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Trump Faces First Foreign Crisis

by Matthew Mackowiak
 

It is generally believed that foreign adversaries deliberately try to test a new U.S. president early in the first term. Just past the 200-day mark for President Trump, we had not yet seen a major international foreign policy crisis.

That all changed with this week’s sudden and startling news concerning North Korea.

On Saturday, U.N. Ambassador Nikki Haley, a rising star in the administration, skillfully marshalled a new round of sanctions against North Korea in a 15-0 Security Council vote, notably including support from Russia and China. This round of sanctions, which will cut North Korean export revenues by one-third when fully implemented, is widely seen as the toughest international sanctions package ever passed against Pyongyang.

This vote was timed to lead into the ASEAN Summit in Manila, where even North Korea’s foreign minister made an appearance. Following the successful vote at the U.N., the summit featured productive diplomatic sessions on how to further isolate the North and promote regional security and stability.

But landing like a hand grenade in the middle of the summit was an explosive report that the North may have already succeeded in making a nuclear weapon small enough to fit on a ballistic missile that could reach much of the U.S. mainland. The finding, based on an analysis completed last month by a single U.S. intelligence agency, the Defense Intelligence Agency, soon dominated the cable news networks and caused a domestic panic.

This story provoked President Trump’s now-famous response at an opioid roundtable meeting at his golf club in Bedminster, New Jersey, where he warned that “North Korea best not make any more threats to the United States. They will be met with fire and fury like the world has never seen.”

This statement was quickly condemned as “bellicose,” “unhelpful” and other similar adjectives by a range of Democratic lawmakers and even some Republicans like Senate Armed Services Committee Chairman John McCain of Arizona.

North Korea’s state-run news agency responded to Mr. Trump’s words several hours later by suggesting that the North Korean regime would target the U.S. territory of Guam, home to more than 6,000 American service members.

While White House aide Sebastian Gorka told Fox News the showdown was “analogous to the Cuban missile crisis,” cooler heads quickly prevailed. Secretary of State Rex W. Tillerson, who was coincidentally headed to Guam for a refueling stop, told reporters, “I do not believe that there is any imminent threat” from North Korea and that “Americans should sleep well at night.”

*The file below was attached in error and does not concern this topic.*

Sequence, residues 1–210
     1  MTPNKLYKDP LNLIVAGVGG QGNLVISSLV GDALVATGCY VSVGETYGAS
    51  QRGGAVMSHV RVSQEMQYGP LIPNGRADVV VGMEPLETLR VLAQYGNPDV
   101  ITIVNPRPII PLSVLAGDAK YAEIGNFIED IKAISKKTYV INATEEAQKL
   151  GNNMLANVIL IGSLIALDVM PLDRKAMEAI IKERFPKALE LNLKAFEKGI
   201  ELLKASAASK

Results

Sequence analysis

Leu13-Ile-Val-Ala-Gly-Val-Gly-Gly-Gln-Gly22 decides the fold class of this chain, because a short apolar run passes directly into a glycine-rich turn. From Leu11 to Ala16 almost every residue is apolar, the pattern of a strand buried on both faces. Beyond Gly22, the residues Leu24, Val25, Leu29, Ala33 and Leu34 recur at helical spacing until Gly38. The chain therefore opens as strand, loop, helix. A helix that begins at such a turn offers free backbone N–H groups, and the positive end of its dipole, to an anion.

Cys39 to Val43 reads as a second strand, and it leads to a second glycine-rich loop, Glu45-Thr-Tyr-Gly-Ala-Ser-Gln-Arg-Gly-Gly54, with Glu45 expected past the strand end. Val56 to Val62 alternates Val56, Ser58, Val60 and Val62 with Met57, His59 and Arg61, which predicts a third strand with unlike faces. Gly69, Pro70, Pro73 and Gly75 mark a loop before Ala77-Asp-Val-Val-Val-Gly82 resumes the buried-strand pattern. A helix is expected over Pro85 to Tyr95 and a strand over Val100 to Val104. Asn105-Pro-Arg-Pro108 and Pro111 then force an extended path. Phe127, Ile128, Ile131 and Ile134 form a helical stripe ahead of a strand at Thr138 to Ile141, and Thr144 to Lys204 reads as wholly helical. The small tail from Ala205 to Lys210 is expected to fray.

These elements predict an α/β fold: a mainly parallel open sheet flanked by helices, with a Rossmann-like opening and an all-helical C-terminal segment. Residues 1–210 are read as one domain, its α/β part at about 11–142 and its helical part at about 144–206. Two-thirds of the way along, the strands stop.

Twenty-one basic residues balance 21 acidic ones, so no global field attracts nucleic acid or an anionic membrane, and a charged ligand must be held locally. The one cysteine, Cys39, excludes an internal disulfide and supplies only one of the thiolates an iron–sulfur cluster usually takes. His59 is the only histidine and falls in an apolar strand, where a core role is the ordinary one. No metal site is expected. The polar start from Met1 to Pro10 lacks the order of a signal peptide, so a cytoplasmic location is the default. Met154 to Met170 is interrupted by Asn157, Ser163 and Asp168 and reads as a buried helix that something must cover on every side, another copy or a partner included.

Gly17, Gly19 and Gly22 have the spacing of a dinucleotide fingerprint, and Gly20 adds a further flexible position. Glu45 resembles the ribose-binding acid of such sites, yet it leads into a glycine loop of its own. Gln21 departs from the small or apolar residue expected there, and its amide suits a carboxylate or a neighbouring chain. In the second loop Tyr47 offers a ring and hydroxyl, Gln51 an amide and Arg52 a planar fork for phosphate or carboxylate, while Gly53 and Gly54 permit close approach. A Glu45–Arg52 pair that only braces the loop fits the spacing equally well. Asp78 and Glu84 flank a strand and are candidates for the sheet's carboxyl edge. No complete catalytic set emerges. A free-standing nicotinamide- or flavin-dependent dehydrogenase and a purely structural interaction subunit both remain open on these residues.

Secretary of Defense James Mattis also offered some wise and concise comments: North Korea “must choose to stop isolating itself and stand down its pursuit of nuclear weapons. [North Korea] should cease any consideration of actions that would lead to the end of its regime and the destruction of its people.”

Mr. Mattis continued, “While our State Department is making every effort to resolve this global threat through diplomatic means, it must be noted that the combined allied militaries now possess the most precise, rehearsed and robust defensive and offensive capabilities on Earth. [North Korea’s] actions will continue to be grossly overmatched by ours and would lose any arms race or conflict it initiates.”

So where does this leave us?

North Korea’s threat to the U.S. is clearly moving more rapidly than we anticipated and, so far, increased diplomatic pressure has not changed the regime’s unacceptable behavior.

North Korea wants to protect itself and ultimately reunify the Korean Peninsula, an unimaginable fate for South Korea, our strong ally.

The short-term imperatives appear to be: de-escalating the rhetoric; unifying our allies (Japan, Malaysia and South Korea); strongly pressuring China to take more drastic steps against North Korea; credibly offering a specific military deterrent to the North Korean regime; and beginning to shape what diplomatic negotiation could look like.

Many experts are criticizing this White House, but all previous policy efforts have failed. No one who has tried to solve this problem has succeeded.

Unity, humility, clarity and diplomacy are needed now for the Trump administration to be successful in resolving what has now become a full-blown crisis. The stakes could not be higher.

Matt Mackowiak is the president of Austin, Texas- and Washington, D.C.-based Potomac Strategy Group, a Republican consultant, a Bush administration and Bush-Cheney re-election campaign veteran and former press secretary to two U.S. senators. His national politics podcast, “Mack on Politics,” is produced in partnership with The Washington Times. His podcast may be found on iTunes, Google Play, and at MackOnPolitics.com.


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